6 thoughts on “French neo-colonialism and African dictatorships

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  5. 50 years ago: Three-day uprising in Congo-Brazzaville

    From August 13 to August 15, 1963 a series of strikes and riots rocked Congo-Brazzaville (formerly the French Congo and subsequently the Republic of the Congo). The uprising came to be known as the Trois Glorieuses, or Three Glorious Days, a reference to the July Revolution of 1830 in France. The former French colony had become independent only three years earlier.

    The uprising began on August 12 among workers and unemployed who demonstrated for higher pay and the release of political and labor prisoners against anti-communist President Fulbert Youlou, a former Catholic priest. Soldiers opened fire on one demonstration, killing three. On August 13 striking workers in the former French colony’s capital city, Brazzaville, marched on the prison and forced the release of all inmates. Five were killed in the storming of the prison, as demonstrators braved live ammunition and grenade fire. On August 14 the homes of unpopular ministers were torched.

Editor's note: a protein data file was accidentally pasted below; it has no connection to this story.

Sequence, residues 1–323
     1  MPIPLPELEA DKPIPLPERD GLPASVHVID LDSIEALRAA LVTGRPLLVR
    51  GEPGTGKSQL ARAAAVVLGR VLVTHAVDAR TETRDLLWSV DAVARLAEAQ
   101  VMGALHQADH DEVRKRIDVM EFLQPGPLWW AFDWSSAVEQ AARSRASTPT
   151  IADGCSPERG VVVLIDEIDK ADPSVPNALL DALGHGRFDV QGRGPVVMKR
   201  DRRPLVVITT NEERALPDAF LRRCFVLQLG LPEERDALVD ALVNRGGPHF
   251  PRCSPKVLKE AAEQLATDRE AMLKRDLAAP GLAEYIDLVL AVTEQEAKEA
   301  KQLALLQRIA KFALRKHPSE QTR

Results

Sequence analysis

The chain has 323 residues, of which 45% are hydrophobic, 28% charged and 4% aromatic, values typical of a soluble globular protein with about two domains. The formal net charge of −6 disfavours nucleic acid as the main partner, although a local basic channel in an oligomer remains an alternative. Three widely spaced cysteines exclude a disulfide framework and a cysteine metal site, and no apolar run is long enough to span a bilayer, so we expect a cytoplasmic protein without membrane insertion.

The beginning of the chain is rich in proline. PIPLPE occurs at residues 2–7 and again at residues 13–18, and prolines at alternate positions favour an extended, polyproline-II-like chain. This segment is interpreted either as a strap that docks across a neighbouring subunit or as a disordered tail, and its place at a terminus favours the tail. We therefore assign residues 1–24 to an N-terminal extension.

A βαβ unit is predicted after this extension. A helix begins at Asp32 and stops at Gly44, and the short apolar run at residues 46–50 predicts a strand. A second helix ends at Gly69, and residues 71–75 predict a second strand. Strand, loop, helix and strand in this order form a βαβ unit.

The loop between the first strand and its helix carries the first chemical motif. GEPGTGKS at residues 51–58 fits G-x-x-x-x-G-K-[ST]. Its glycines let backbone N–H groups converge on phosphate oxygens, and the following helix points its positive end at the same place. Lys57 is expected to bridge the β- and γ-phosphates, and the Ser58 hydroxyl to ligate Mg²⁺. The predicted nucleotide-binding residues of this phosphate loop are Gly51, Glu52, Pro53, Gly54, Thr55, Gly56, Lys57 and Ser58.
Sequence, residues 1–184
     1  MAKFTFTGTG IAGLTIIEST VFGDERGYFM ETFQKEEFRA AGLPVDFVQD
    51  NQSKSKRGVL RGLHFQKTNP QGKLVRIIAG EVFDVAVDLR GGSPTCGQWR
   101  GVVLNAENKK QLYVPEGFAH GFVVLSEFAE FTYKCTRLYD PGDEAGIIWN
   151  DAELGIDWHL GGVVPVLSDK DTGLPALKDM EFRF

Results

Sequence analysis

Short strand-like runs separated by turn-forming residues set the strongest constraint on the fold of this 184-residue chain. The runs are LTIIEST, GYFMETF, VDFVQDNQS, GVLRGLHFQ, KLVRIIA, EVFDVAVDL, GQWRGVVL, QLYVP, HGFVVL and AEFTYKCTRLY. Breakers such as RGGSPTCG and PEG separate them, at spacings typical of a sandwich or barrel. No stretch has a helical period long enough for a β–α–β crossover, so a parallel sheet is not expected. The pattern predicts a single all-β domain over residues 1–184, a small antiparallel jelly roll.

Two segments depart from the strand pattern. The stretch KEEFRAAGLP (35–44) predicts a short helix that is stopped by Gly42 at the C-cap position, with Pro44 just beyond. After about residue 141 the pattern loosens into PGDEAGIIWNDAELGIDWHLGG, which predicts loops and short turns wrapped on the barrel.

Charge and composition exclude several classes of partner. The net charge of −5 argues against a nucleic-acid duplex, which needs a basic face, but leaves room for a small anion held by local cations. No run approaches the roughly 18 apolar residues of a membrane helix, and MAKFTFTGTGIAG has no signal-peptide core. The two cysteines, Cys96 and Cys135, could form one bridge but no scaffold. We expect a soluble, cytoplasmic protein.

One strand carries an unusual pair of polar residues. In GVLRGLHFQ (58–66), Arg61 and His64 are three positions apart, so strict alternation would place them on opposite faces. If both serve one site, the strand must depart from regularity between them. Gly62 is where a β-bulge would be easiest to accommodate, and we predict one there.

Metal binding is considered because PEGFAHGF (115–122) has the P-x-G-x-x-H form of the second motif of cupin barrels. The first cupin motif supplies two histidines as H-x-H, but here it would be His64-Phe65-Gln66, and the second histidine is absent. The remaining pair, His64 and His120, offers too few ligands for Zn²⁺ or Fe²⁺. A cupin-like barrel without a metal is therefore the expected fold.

On August 15—the third anniversary of independence—Youlou was forced to resign after the military refused his orders to fire on demonstrators who surrounded the presidential palace. He was replaced by Alphonse Massamba-Debat on August 16. The deal with the military was brokered by the Congolese Youth Union, and the trade union, the Confédération générale aéfienne du travail, both of which formerly had ties to the French Communist Party. Youlou had attempted to suppress both organizations.

    http://www.wsws.org/en/articles/2013/08/13/twih-a12.html

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